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YouTube Complies with Viacom, Makes Deal for Music Royalties



As always, copyright issues abound for Google’s video-sharing darling, YouTube. First, Google Blogoscoped found YouTube complying with a copyright take down request from Viacom. Not huge news, other than the fact that the clip in question was apparently featured another clip—which Viacom had used without permission. The removed clip was uploaded by the actual copyright holder, producer Chris Knight.

Wait, what? Let’s walk through that again. Web Junk 2.0, a Viacom-owned VH1 show, used a video clip produced by Chris Knight without his permission. Knight, the rightful copyright holder, uploads the Web Junk 2.0 clip of his clip. Viacom files the standard DMCA take down notice with YouTube so they can take down their stolen stolen content. YouTube complies.

Apparently, they did also give Knight the option to counterfile, which he did. Until he hears back, however, the clip is off YouTube. As Knight says, “That’s chutzpah.”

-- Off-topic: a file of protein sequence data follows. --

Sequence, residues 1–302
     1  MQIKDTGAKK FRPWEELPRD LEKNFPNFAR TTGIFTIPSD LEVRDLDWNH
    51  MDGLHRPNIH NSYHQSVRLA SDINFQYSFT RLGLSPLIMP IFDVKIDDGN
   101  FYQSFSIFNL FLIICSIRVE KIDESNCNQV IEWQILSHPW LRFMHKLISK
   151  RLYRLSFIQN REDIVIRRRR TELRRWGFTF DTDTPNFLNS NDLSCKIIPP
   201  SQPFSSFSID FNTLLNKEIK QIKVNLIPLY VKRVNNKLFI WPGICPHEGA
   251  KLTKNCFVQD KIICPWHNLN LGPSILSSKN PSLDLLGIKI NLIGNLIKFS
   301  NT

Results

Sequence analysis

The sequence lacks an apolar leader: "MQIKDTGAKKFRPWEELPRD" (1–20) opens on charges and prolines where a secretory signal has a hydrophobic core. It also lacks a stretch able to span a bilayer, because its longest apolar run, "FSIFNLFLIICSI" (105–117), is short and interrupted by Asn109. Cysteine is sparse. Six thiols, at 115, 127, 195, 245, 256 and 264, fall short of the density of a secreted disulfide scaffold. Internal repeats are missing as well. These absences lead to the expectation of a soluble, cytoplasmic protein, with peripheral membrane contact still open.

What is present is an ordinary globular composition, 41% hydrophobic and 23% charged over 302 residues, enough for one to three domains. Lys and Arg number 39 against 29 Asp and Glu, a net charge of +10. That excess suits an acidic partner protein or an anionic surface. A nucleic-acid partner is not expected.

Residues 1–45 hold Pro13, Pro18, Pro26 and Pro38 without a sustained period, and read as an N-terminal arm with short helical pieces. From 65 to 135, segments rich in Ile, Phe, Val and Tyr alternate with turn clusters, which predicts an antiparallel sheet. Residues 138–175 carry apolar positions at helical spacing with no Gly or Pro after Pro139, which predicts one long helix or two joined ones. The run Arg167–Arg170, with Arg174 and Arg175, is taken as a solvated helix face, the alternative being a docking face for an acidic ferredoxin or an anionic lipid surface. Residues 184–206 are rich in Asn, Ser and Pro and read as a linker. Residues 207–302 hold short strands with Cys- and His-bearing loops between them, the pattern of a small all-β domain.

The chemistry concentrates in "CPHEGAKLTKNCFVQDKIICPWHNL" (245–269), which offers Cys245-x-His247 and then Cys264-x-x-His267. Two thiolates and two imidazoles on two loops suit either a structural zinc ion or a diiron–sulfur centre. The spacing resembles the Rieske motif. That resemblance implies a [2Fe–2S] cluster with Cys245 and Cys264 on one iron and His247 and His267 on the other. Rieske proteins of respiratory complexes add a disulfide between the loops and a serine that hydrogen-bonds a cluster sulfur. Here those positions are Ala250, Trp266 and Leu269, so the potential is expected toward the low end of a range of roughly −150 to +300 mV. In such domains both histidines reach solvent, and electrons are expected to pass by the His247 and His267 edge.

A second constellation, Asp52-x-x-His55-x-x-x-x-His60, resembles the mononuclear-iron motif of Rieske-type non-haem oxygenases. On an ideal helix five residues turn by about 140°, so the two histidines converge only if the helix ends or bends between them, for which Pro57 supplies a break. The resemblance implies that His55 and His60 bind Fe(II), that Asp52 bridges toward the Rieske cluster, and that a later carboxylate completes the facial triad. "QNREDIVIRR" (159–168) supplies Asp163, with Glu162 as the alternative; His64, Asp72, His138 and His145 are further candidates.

Being such a stickler for IP law, YouTube also announced a deal with a UK music society on royalties. YouTube will pay an undisclosed amount—a flat fee—to the MCPS-PRS Alliance (the music collection society in the UK) in exchange for not being sued again licenses for 10 million songs used in YouTube’s users’ videos as well as its partners’ professional content. They’ll cooperate to find a way to monitor music usage on the most popular videos.

Apparently, this is the first worldwide royalties deal that YouTube has made. It’s pretty interesting that YouTube would rather absorb the risk, responsibility and cost of its users’ copyright infringement than police their use of copyrighted material in this case.

  • http://www.consumingexperience.com/2007/09/google-youtube-music-in-videos-legal.html Improbulus

    Contrary to what most people think, it’s in fact still not strictly legal to include recordings of UK artists’ music (even where it’s written by Alliance members) in YouTube videos, not until the PPL are on board anyway – see http://www.consumingexperience.com/2007/09/google-youtube-music-in-videos-legal.html, which includes some further information I obtained from the MCPS-PRS Alliance about their YouTube deal which was not in the Alliance press release and has not otherwise been made public previously as far as I know.